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The Lost Daughter Paperback – March 1, 2008


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Product Details

  • Paperback: 125 pages
  • Publisher: Europa Editions (March 1, 2008)
  • Language: English
  • ISBN-10: 1933372427
  • ISBN-13: 978-1933372426
  • Product Dimensions: 5.4 x 0.5 x 8.3 inches
  • Shipping Weight: 3.2 ounces (View shipping rates and policies)
  • Average Customer Review: 4.2 out of 5 stars  See all reviews (24 customer reviews)
  • Amazon Best Sellers Rank: #40,703 in Books (See Top 100 in Books)

Editorial Reviews

From Publishers Weekly

The arresting third novel from pseudonymous Italian novelist Ferrante (Troubling Love) pursues a divorced, 47-year-old academic's deeply conflicted feelings about motherhood to their frightening core. While on vacation by herself on the Ionian coast, Leda feels contentedly disburdened of her two 20-something daughters, who have moved to their father's city of Toronto. She's soon engrossed in watching the daily drama of Nina, a young mother, with her young daughter, Elena (along with Elena's doll, Nani), at the seashore. Surrounded by proprietary Neapolitan relatives and absorbed in her daughter's care, Nina at first strikes Leda as the perfect mother, reminding herself of when she was a new and hopeful parent. Leda's eventual acquaintance with Nina yields a disturbing confession and sets in motion a series of events that threatens to wreck, or save, the integrity of Nina's family. Ferrante's prose is stunningly candid, direct and unforgettable. From simple elements, she builds a powerful tale of hope and regret. (May)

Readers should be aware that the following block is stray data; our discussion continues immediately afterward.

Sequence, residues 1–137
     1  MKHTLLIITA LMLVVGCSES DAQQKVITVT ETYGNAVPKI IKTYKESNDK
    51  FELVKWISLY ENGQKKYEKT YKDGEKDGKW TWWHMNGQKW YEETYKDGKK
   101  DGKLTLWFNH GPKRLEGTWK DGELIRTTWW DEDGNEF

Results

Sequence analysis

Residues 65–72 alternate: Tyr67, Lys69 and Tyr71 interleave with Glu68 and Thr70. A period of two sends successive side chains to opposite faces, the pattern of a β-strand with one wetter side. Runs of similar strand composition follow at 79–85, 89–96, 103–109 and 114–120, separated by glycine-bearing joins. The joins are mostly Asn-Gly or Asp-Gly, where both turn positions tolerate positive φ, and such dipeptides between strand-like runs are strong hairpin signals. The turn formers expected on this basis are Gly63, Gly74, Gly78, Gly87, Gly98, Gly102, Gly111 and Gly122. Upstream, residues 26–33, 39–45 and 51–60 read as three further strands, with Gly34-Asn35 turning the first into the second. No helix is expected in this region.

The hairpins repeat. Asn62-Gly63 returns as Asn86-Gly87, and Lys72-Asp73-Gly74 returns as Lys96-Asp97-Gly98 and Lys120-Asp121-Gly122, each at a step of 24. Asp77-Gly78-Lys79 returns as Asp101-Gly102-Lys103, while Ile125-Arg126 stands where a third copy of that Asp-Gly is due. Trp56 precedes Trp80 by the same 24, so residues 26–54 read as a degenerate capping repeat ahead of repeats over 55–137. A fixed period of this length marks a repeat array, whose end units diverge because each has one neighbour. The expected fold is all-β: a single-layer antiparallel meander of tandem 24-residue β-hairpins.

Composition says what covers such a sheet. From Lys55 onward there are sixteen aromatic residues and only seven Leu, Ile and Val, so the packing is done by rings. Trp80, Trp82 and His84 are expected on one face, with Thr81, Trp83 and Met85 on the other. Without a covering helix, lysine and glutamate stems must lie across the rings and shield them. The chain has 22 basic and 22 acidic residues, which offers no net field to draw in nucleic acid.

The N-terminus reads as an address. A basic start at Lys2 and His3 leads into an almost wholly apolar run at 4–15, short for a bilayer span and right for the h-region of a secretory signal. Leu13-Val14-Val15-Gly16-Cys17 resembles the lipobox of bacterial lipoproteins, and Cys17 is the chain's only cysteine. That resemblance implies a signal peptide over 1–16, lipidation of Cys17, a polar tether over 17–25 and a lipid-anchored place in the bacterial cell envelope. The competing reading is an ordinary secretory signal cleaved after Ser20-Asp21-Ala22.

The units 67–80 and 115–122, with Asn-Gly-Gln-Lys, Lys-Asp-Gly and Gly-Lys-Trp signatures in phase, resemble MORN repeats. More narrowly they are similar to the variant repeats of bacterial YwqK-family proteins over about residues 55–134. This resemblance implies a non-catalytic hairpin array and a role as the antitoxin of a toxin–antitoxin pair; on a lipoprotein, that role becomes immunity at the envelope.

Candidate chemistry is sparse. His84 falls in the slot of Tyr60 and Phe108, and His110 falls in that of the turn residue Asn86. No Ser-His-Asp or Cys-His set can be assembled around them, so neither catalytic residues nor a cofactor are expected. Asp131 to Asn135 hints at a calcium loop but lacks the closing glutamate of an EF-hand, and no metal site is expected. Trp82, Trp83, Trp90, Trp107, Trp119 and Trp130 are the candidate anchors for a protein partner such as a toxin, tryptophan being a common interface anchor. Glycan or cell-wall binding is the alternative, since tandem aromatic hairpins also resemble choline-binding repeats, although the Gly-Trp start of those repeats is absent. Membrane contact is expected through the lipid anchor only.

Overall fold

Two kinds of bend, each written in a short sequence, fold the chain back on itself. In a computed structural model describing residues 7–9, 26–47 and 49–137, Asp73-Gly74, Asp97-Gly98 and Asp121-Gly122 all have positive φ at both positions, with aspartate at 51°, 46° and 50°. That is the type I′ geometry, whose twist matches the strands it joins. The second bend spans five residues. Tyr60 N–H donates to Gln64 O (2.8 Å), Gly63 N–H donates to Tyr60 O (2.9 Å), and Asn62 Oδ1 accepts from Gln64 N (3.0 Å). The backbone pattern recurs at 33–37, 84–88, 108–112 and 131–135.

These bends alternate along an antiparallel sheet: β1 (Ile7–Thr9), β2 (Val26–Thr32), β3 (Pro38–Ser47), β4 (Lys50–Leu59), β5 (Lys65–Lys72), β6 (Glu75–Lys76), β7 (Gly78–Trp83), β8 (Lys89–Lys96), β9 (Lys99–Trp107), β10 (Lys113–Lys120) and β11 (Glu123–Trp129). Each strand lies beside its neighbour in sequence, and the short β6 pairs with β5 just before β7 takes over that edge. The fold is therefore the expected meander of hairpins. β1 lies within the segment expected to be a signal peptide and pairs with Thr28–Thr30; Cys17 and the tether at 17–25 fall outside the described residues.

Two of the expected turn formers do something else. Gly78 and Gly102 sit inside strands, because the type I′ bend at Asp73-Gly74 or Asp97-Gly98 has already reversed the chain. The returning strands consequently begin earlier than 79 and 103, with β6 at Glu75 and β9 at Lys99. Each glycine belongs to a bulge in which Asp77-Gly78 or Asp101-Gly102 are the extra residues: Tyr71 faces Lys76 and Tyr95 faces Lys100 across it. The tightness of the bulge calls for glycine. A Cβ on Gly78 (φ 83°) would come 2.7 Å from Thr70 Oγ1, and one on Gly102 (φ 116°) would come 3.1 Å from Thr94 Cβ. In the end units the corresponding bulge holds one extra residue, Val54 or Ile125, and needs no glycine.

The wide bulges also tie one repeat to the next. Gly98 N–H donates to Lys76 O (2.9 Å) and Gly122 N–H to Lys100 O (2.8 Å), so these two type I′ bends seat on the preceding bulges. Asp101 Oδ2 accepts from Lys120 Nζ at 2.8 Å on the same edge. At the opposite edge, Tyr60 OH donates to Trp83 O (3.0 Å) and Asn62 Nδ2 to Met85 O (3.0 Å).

Copyright © Reed Business Information, a division of Reed Elsevier Inc. All rights reserved.

From The New Yorker

In this brutally frank novel of maternal ambivalence, the narrator, a forty-seven-year-old divorcée summering alone on the Ionian coast, becomes obsessed with a beautiful young mother who seems ill at ease with her husband’s rowdy, slightly menacing Neapolitan clan. When this woman’s daughter loses her doll, the older woman commits a small crime that she can’t explain even to herself. Although much of the drama takes place in her head, Ferrante’s gift for psychological horror renders it immediate and visceral, as when the narrator recalls the "animal opacity" with which she first longed for a child, before she was devoured by pregnancy.
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Customer Reviews

I'm in awe of her ability to write and love her style.
G. Butler
Different and very interesting .i'll recommend this book for good reading.
louiza an
It seemed to be a long boring narrative with no point.
Carol McNeilage

Most Helpful Customer Reviews

11 of 11 people found the following review helpful By My2Cents VINE VOICE on August 21, 2011
Format: Paperback Verified Purchase